Adoption agency may lose license
St. Petersburg Times
Author: DIANE STEINLE
Children's Services International (CSI) - an adoption agency accused of cheating clients and not delivering the children promised to them - may soon be out of business in Florida and Georgia.
Both states have refused to renew the agency's license to operate.
''The corporation has done some things that we think are quite serious - serious enough that we are willing to revoke their license,'' said Jim Sawyer, attorney for the Florida Department of Health and Rehabilitative Services (HRS).
Sawyer informed the adoption agency last week that its application for annual license renewal was denied, ''which will have the effect of ending their right to do business in Florida,'' he said.
The agency so far has not taken advantage of its right to request an appeal within 30 days. CSI's Florida office, near Orlando, closed last week, and its telephone has been disconnected.
CSI, which specializes in foreign adoptions and has its headquarters in Atlanta, did appeal Georgia's recent refusal to renew its license.
An emotion-charged appeal hearing in Atlanta last week lasted four days and included testimony by several Tampa Bay-area residents who complained about CSI in stories published in the St. Petersburg Times last July and December.
Debbie Carlisle of Clearwater testified against CSI at the request of the Georgia Department of Human Resources. Mrs. Carlisle and her husband, Pat, said CSI promised them a baby born in El Salvador. They were allowed to name her Caitlin Rebecca at birth and were sent photographs of the infant.
They won't get her because authorities in the United States and El Salvador can't find her. They don't know if she ever was available for adoption.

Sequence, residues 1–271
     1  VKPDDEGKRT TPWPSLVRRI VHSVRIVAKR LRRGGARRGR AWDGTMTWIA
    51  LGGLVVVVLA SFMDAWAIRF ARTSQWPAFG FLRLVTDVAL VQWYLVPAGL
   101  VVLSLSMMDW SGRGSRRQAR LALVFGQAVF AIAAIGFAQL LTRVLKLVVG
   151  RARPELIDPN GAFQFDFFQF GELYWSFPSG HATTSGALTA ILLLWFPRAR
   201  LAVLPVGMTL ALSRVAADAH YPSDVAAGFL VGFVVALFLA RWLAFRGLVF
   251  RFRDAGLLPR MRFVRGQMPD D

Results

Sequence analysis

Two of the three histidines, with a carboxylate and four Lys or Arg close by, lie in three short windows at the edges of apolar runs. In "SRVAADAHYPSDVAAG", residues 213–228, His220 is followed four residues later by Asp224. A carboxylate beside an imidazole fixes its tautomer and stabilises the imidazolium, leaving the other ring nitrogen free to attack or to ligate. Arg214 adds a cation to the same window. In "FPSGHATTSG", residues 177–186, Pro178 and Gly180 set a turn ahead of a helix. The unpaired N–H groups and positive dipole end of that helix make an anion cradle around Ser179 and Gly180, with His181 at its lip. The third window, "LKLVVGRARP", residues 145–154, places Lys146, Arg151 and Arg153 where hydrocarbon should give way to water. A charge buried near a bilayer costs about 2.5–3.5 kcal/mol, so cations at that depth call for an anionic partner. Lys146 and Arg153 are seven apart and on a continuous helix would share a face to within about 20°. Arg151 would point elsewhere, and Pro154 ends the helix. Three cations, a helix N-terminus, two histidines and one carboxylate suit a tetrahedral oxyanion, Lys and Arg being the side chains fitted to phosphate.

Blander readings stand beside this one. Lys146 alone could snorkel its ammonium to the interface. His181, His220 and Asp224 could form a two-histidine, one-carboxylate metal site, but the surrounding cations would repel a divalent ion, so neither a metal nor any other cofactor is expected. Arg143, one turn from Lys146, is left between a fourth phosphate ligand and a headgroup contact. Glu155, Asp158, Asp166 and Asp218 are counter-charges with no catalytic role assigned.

Wayne and Donna Mori of Palm Harbor also testified against CSI at the hearing. Some supporters of the agency who showed off foreign children they had successfully adopted through CSI also attended.
The Moris paid CSI $1,600 in initial fees and were told they would get a baby from the Philippines. After more than a year of delays, they learned CSI had no Philippine program. They have filed a lawsuit to recover their money.
Pat Johnson, executive director of CSI in Atlanta, did not return a reporter's call Thursday.
An investigation of the agency was begun by the government of El Salvador and the U.S. Consulate there after several Florida families asked for help in getting children they had adopted through CSI.
CSI's attorney in El Salvador and his wife were arrested last August on suspicion of baby trafficking. At the same time, two babies promised to Tampa Bay families were found malnourished in a crowded home with nine other babies, even though the clients were paying for individual foster care.
Georgia regulators checking into complaints against CSI alleged that CSI collected fees for services it could not deliver, including promising a client a baby when the child's natural mother had not surrendered it for adoption.
The volume of complaints against CSI, particularly from Florida families, prompted both Georgia and Florida to act against the agency, officials said.
In Georgia, the state hearing officer who presided at the appeal hearing last week will render a decision within 90 days. If he rules against CSI, the agency may appeal to the state courts.